Ever since I retired to Fort Myers, in 2012, many locals recommended I attend the Fantasy Festival in Key West Florida.
I had heard of the festival while living in the DC metro area along with the two Daytona Bike Weeks one in the spring and again in the fall along with the many jokes identifying Florida as Gods waiting room because of the volume of retirees.
Based on what I was told about the festival, I was not excited or intrigued to attend with reported crowds in the thousands, and constant nudity visible throughout the event.
What many who spoke of the festival were not aware is my history with large crowds in the DC metro area, where I attended events on the National Mall like the fourth of July celebrations, concerts in the parks, and many other significant events where I was among three or five hundred thousands people in attendance. So, in a way, I had my fill of enormously large crowds of people displaying everything and anything imaginable.
The history of the Fantasy Festival in Key West Florida began in 1979 when a small group of Key West locals created the festival to bring visitors to the island in what was a typically quiet time of the year with beautiful cooling temperatures before the snowbirds began arriving in November and December.
Well, it worked, Fantasy Fest has grown every year since its inception and is considered one of the wildest extravaganzas the town of Key West host yearly! The festival has a daily scheduled of events like the Zombie Bike Ride I photographed.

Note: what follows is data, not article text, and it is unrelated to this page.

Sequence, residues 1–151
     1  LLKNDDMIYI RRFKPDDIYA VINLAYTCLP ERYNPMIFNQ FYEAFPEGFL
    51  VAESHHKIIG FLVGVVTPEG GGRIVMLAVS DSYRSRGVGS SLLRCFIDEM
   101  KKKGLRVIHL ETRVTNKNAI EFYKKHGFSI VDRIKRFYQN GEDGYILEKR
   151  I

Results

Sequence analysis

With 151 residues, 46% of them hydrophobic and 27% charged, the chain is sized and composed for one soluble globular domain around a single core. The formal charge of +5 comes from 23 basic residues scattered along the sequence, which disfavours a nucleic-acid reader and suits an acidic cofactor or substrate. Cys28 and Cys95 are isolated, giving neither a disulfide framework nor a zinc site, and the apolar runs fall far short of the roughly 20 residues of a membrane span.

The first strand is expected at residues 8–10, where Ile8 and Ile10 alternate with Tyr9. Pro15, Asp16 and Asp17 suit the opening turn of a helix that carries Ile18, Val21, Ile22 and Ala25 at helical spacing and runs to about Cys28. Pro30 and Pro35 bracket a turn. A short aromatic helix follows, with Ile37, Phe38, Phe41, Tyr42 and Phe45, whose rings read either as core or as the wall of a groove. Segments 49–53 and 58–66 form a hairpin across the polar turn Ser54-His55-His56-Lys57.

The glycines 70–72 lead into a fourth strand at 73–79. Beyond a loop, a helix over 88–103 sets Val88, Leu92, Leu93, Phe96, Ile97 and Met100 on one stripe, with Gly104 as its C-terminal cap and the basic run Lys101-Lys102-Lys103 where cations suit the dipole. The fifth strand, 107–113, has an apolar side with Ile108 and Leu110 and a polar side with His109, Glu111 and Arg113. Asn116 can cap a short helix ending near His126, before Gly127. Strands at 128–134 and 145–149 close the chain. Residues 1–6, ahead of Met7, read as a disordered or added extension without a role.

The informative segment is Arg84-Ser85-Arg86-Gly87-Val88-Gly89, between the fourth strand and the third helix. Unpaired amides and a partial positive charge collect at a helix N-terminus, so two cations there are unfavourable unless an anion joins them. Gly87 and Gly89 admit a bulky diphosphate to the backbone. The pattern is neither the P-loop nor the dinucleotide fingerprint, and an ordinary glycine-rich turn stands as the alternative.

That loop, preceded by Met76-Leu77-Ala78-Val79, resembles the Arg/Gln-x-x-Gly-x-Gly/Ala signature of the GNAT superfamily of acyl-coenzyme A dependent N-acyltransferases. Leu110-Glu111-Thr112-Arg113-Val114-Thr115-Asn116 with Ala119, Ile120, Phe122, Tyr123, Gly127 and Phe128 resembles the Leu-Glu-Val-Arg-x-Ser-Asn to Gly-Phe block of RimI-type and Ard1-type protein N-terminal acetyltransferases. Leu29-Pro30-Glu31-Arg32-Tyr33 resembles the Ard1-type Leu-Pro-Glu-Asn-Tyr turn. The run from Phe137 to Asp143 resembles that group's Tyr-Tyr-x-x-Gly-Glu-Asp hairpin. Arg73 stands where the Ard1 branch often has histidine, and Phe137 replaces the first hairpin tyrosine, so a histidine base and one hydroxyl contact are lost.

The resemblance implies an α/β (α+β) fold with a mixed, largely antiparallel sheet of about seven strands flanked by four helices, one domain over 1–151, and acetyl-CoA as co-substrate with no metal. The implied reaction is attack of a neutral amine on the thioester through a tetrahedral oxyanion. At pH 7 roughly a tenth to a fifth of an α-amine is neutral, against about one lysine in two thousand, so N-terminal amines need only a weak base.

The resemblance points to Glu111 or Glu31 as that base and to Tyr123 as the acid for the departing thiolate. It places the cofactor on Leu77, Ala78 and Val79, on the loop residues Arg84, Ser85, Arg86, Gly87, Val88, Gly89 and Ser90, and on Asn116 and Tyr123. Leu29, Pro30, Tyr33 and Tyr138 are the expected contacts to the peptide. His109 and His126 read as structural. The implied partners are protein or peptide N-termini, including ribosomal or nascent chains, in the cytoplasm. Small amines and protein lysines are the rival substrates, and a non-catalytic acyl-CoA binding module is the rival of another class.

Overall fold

Another one of my favorites was “Tutu-Tuesday,” (photos to come) along with Dantes 12th annual Halos and Horns pool party and various other themed events and gathering, providing you with all of the people watching your eyes can endure.
The featured image of this blog post is of a nomadic traveler who was dressed by Key West’s own painter extraordinaire Pam Hobbs.
I recommend you visit Key West during the Fantasy festival with a daily schedule of events, there is something for everyone.
The Zombie Bike Ride is a family event with many children and their parents dressing up with body paint, handmade costumes and using the human imagination to create ideas based on the festival’s theme, “Boardgames.”
PS: More photos to come. 🙂